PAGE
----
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Mentally Ill Killer To Get Leave As Part Of Rehab

Contributor:
Fuseworks Media
Fuseworks Media
Jonathan Coleman
Jonathan Coleman

By Maggie Tait of NZPA

Wellington, Oct 22 NZPA - A mentally ill killer to be allowed unescorted leave as part of his rehabilitation would not be allowed out if it wasn't safe, his carers and the Health Ministry said today.

Graeme Moyle wrote to Prime Minister John Key concerned Matthew John Ahlquist was being granted the leave.

Ahlquist killed Colin Edward Moyle in May 2007. Ahlquist bludgeoned him with a spade before setting him alight. A High Court judge in 2008 found him not guilty on the grounds of insanity and ordered him detained as a special patient at the Mason Clinic in Auckland.

The court was told Ahlquist killed Mr Moyle, 55, because he believed he was controlling him and he was convinced he was demonic.

Graeme Moyle said he and his family had "grave concerns" for public safety because Ahlquist, who had been having escorted outings, was now being let out on his own.

"Mr Ahlquist received 10 years of treatment for his illness (schizophrenia) from the Auckland District Health Board and his condition only worsened resulting in the murder of my brother."

A complaint about his treatment was the subject of a Health and Disability Commissioner inquiry.

"We are now expected to believe that after less than two years treatment in the Mason Clinic Mr Ahlquist is well enough to be given unescorted leave from that facility.

"I have my doubts."

Mr Moyle said violent acts of paranoid schizophrenics could not be predicted and when decisions were made to release them there appeared to be no accountability.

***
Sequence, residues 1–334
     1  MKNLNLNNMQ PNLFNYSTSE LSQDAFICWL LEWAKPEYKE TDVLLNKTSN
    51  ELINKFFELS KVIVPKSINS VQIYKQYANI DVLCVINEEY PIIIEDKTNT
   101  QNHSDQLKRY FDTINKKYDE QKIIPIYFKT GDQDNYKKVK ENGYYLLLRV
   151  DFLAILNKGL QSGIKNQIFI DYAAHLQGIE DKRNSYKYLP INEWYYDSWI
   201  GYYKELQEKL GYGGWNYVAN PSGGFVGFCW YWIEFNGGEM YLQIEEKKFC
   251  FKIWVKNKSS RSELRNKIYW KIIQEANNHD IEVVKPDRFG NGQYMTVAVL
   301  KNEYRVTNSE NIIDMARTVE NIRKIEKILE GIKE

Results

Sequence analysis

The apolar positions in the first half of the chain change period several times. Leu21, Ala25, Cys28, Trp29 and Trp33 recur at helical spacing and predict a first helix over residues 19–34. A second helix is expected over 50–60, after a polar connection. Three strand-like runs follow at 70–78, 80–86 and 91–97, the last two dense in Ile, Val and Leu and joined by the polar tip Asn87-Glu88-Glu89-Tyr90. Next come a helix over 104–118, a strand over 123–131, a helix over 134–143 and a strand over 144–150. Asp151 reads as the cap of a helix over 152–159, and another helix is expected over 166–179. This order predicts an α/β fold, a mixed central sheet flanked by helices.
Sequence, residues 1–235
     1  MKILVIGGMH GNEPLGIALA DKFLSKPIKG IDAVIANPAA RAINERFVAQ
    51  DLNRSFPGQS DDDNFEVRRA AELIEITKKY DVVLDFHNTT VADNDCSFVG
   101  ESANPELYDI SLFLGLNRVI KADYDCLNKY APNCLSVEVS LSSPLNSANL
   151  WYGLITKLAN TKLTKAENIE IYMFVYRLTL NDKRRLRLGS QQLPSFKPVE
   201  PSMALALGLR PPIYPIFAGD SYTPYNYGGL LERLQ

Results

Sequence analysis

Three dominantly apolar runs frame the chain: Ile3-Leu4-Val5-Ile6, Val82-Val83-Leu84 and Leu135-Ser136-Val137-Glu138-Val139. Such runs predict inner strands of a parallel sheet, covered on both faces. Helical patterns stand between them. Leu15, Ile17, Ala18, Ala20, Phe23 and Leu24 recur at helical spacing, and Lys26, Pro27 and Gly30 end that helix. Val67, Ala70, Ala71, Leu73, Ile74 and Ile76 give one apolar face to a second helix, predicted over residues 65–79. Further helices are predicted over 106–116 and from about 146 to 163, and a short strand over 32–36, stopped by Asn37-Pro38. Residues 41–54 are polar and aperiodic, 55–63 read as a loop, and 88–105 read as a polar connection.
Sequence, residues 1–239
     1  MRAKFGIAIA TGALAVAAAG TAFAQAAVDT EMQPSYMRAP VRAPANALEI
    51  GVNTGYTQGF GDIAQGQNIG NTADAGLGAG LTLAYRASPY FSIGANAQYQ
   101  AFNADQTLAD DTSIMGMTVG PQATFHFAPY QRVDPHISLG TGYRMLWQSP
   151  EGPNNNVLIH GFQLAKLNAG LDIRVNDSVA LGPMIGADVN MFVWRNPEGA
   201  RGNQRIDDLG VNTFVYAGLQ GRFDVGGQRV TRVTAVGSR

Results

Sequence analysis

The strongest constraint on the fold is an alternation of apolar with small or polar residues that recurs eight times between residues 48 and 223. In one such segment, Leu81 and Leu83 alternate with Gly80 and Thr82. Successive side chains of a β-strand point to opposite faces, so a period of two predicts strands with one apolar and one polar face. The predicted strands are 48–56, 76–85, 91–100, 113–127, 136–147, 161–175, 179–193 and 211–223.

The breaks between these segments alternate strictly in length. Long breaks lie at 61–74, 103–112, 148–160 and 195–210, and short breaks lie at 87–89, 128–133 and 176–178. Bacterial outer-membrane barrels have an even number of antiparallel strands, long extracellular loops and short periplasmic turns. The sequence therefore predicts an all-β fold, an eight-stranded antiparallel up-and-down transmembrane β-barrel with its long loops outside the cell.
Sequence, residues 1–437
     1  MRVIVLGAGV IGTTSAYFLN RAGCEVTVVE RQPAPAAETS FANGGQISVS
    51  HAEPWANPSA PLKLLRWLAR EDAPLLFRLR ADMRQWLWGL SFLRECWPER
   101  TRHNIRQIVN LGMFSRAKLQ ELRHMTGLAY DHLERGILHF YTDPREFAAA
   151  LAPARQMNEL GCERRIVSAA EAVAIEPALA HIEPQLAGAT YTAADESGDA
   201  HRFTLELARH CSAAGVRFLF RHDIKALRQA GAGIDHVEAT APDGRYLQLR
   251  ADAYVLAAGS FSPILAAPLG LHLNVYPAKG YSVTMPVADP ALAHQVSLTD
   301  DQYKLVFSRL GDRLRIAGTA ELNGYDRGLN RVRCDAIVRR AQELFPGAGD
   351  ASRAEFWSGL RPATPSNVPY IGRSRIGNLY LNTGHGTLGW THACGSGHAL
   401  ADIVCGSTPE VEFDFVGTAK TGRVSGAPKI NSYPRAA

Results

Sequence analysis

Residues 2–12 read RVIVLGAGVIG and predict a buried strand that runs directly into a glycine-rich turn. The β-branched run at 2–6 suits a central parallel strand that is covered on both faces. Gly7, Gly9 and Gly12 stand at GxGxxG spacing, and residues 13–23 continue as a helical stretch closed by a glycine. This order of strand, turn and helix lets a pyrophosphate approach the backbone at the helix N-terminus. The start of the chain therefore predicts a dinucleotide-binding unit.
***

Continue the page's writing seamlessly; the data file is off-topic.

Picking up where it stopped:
Associate Health Minister Jonathan Coleman said he understood Mr Moyle's perspective, but had been assured by Health Ministry mental health director David Chaplow that the release would be controlled and safe.

"The criminal justice system is something separate. This is a health issue and proportionality is not part of mental health law.

"This guy was sick, he did something terrible when he was sick, he's being treated and this is part of his treatment and the expert advice is this is an evidence based part of his treatment and it's safe for the public. The clinicians wouldn't let it happen if they didn't think it was safe."

Mason Clinic clinical director Jeremy Skipworth said he could not discuss individuals because of privacy issues, but said leave was allowed generally for rehabilitation and for transfers or medical appointments and events like funerals.

Leave was only granted after approval from relevant authorities was granted and the clinician in charge was satisfied.

"The responsible clinician and key worker are accountable for ensuring it is appropriate for the leave to proceed. Whether it is appropriate for leave to proceed must always be assessed within the hour prior to any leave being taken."

Rehabilitation leave increased incrementally over time.

"The ultimate change from Special Patient status is a decision made by the Minister of Health, and typically will only follow a lengthy period of incident free community care."

Dr Coleman said recidivism for such offenders was rare.

"In 30 years of doing this they've never had anyone who has repeated the (same) offence."

The recidivism rate -- for any criminal offending -- over five years was 1 percent.

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